FRESNO — A Fresno teacher was awarded for his work teaching at-risk students about business during a special gala in New York City last month.
Hanford resident Steve Banevedes was one of 21 educators who received an Enterprising Educators of the Year award from the Network for Teaching Entrepreneurship (NFTE). The worldwide organization, whose Fresno chapter is operated by the Lyles Center for Innovation and Entrepreneurship at California State University, Fresno, provides entrepreneurship programs for at-risk and low-income students.
“I never knew I was nominated, let alone given an award,” Banevedes said. “I feel very honored to be selected.”
Banevedes was chosen for the award by the Central California NFTE office, located in the Lyles Center. In order to get it, a teacher must have been teaching the curriculum for at least two years and have shown they interact well with students.
“Steve is really the epitome of that,” said Casey Lamonski, project coordinator for educational outreach. “He’s an amazing teacher. The students know they can go to him if they need help. He’s really been able to take our curriculum and bring it to life for students.”
Banevedes works for Agape, Inc., a group that owns three charter schools in Fresno aimed at serving at-risk students. Banevedes serves as the assistant director of information technology for the schools and also teaches an entrepreneurship class for the NFTE at Carter Woodson School, which he got the award for.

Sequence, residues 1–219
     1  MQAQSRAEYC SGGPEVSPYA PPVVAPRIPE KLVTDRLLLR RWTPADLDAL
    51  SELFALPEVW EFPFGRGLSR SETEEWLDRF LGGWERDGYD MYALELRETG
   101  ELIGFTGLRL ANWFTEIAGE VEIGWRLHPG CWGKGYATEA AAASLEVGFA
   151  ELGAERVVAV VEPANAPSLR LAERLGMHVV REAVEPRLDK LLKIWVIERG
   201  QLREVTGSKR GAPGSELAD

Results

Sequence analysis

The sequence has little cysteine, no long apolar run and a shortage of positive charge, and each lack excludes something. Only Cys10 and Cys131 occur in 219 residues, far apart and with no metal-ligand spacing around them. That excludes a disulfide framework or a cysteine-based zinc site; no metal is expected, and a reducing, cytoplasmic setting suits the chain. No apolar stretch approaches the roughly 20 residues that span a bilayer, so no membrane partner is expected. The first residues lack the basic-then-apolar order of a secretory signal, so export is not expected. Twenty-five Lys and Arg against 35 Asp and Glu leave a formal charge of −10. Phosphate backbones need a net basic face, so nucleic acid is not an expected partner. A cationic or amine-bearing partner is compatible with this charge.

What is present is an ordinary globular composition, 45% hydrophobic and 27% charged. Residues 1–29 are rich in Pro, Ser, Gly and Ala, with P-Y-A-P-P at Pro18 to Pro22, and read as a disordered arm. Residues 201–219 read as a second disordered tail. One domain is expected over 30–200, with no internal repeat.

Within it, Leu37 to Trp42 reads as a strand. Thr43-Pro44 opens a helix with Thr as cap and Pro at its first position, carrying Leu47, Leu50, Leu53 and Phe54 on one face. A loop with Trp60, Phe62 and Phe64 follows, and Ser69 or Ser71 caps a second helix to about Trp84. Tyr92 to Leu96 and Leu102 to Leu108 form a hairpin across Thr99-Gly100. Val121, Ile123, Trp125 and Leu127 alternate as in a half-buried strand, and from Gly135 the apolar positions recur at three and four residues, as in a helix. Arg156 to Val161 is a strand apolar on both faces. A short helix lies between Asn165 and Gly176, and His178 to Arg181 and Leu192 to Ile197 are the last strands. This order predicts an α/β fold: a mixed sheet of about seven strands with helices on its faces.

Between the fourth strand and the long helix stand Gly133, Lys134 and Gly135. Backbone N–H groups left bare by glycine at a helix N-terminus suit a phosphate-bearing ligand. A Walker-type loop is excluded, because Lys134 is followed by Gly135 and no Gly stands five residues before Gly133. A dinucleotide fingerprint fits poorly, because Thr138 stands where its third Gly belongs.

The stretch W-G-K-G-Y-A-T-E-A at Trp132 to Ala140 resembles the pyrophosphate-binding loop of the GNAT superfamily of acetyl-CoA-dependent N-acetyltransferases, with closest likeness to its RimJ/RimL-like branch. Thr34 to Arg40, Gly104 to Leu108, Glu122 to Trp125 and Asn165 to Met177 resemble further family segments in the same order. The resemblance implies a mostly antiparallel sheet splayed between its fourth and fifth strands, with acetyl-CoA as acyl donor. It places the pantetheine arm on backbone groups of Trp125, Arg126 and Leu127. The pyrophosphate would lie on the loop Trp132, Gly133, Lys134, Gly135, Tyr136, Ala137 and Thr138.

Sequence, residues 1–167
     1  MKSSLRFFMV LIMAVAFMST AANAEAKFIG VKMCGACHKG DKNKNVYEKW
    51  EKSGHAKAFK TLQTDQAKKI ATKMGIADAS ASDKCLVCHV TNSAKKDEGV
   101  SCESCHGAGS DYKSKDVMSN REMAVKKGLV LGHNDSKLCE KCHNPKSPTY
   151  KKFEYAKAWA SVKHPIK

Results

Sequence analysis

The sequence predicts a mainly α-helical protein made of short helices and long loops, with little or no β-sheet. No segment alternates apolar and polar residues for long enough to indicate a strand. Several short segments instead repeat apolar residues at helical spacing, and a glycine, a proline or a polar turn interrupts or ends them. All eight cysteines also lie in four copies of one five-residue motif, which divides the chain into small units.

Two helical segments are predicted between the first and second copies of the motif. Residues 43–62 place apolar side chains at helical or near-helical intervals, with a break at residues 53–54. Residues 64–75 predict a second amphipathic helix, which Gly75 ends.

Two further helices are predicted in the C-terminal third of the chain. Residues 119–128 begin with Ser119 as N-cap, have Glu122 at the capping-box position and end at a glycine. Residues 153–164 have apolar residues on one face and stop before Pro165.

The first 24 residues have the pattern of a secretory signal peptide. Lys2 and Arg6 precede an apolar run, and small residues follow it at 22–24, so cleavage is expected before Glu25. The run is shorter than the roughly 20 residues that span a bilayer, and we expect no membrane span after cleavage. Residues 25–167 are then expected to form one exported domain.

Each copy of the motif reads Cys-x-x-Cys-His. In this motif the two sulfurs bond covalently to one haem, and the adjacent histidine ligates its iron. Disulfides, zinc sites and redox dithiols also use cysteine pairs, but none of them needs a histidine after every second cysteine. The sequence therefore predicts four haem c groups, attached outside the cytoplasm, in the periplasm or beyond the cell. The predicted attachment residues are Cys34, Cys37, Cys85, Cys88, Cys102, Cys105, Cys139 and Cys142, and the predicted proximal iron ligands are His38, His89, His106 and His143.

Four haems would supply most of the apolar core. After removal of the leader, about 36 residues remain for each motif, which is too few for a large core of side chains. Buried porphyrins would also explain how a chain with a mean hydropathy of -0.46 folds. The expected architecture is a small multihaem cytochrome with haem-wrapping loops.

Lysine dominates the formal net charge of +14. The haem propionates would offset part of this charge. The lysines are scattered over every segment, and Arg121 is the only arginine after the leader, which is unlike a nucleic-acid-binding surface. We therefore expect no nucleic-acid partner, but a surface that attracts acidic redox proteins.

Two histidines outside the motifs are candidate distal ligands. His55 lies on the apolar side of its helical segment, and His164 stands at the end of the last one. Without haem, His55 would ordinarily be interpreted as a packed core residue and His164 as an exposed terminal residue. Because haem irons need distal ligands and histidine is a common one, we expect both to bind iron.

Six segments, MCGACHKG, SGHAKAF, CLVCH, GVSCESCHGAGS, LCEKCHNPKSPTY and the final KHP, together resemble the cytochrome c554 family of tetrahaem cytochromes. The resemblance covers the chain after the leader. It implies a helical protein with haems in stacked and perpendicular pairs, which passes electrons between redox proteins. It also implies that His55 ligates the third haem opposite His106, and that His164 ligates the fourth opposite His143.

“It’s great to be able to turn these kids around and motivate them,” he said. “It’s a really rewarding experience. That’s the true award.”
Banevedes has been teaching at the school for the past six years. In the past, he taught math and computers at St. Rose-McCarthy School in Hanford. Although he discovered he liked working with kids and enjoyed working at the school, he thought the pay was too low and found the position with Agape, Inc. He originally started out just teaching technology classes and eventually picked up the administrative duties.
“They got rid of me running the technology classes so I could do IT,” he said. “However, after they added the entrepreneurship class to my schedule, they decided to let me continue teaching, it even though I would be running IT.”
In the class, Banevedes said he teaches students all aspects of running a business. Students are also required to come up with their own business idea and create a plan. At the end of the course, a competition is held in which the plans developed by the students are judged.
“I’m trying to talk with them about running a business,” he said. “I try to show them that they don’t have to just work in menial jobs for the rest of their lives and that they should strive for something better.”
However, Banevedes said it’s a major challenge getting his message across to the students. He said most of the students are struggling to learn, are in gangs and have bad home lives.
“It’s serious enough where all bags are checked and students have to go through metal detectors every morning,” he said. “That’s the kind of schools they are. However, I like working with these kids and trying to help them improve their lives.”
Banevedes said some students are too far-gone to help, but said he has to just move past it to aid those students that are willing to learn.
“It’s an unbelievable challenge because you can’t help them all,” he said. “You really get to understand all the hardships these kids are facing. All you can do is do your best and try to save a few.”
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